Zuma can’t help ‘overtaxed’ izinduna

By Celani Sikhakhane

Former president Jacob Zuma told traditional leaders in KwaZulu-Natal that because he is no longer in power he is unable to help them in their bitter fight with the provincial government. At the centre of the dispute is the amount of tax that was deducted from their R600-million back pay.

The leaders visited Zuma at his Nkandla homestead this week to vent their anger at the KZN government and to ask for his help.

They claim that the tax deducted from their back pay – owing to them since 2013 – meant they ended up getting amounts ranging from R50,000 to R150,000, instead of the R400,000 they expected. 

Induna Sizakele Nhlebela told Scrolla.Africa that they went to Zuma to get clarity because he signed the order for their back pay of R2.5-billion.

The amount was later reduced to R600-million by the KZN government.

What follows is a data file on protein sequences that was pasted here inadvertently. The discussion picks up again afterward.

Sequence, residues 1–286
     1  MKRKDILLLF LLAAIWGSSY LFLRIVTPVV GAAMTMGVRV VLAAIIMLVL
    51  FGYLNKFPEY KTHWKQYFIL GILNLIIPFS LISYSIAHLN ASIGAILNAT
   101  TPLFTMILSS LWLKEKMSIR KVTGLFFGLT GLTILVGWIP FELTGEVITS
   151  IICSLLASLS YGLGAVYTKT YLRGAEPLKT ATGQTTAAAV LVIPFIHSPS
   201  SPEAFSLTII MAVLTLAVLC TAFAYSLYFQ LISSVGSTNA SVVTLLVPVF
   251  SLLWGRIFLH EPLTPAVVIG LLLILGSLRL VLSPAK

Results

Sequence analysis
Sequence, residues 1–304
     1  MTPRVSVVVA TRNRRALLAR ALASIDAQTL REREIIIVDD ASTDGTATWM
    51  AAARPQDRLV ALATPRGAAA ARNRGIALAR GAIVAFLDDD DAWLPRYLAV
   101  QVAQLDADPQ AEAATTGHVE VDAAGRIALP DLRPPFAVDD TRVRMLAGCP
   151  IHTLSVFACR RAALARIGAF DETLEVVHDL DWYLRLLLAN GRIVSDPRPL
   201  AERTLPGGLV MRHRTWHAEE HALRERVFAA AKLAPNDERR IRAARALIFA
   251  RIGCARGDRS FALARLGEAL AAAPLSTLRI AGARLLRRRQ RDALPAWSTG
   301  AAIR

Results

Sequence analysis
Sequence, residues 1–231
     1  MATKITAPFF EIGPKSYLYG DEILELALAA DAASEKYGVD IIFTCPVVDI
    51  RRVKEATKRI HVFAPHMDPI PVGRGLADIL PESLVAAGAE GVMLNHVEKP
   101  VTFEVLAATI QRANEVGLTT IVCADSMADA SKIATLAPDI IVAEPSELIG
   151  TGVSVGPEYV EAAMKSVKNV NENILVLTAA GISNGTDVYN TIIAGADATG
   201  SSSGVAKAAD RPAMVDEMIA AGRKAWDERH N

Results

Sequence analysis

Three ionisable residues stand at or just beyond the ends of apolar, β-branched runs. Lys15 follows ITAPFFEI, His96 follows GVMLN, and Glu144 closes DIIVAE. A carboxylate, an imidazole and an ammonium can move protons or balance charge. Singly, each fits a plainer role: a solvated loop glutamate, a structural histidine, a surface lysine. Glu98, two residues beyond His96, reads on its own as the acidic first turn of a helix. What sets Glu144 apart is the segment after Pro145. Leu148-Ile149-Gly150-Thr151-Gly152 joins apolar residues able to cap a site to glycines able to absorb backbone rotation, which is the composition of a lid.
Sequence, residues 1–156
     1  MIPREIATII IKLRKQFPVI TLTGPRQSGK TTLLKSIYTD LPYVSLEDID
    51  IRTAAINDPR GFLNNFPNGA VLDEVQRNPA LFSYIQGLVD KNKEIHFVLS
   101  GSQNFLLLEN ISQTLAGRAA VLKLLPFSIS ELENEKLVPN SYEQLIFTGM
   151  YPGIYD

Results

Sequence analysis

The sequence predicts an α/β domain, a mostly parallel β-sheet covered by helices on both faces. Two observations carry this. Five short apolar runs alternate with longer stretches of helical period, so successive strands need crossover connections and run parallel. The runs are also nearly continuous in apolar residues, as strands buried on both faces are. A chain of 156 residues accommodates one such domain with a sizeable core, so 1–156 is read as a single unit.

“We were supposed to get around R400,000 each including interest but when the provincial government finally paid us, our money was not what we expected,” said Induna Nhlebela.  

“Now they claim that it is Sars who took our money.  But we don’t believe this because we suspect that they robbed us since they believe that we are not educated … “

Nhlebela said the traditional leaders are giving the government an ultimatum that if the provincial authorities fail to pay back their money, they will boycott the general elections on 29 May. 

Induna Percy Nkosi from the Amajuba district said the traditional leaders’ problem is that the government doesn’t take them seriously.

KZN Cooperative Governance and Traditional Affairs spokesperson Siboniso Mngadi said: “MEC Bongi Sithole-Moloi had to embark on the series of engagements with izinduna in all 11 districts where Sars officials were present to explain how their monies would be taxed. 

“We embarked on this to explain how the tax would be calculated on the lump sum. Unfortunately, some of the izinduna believe that their monies were docked by the department.”

Mngadi said the department has so far distributed more than 90% of the back pay to the traditional leaders. 

Pictured above: Izinduna had a meeting with former president Jacob Zuma over the back pay he authorised in 2013 as head of state.

Image source: Supplied 


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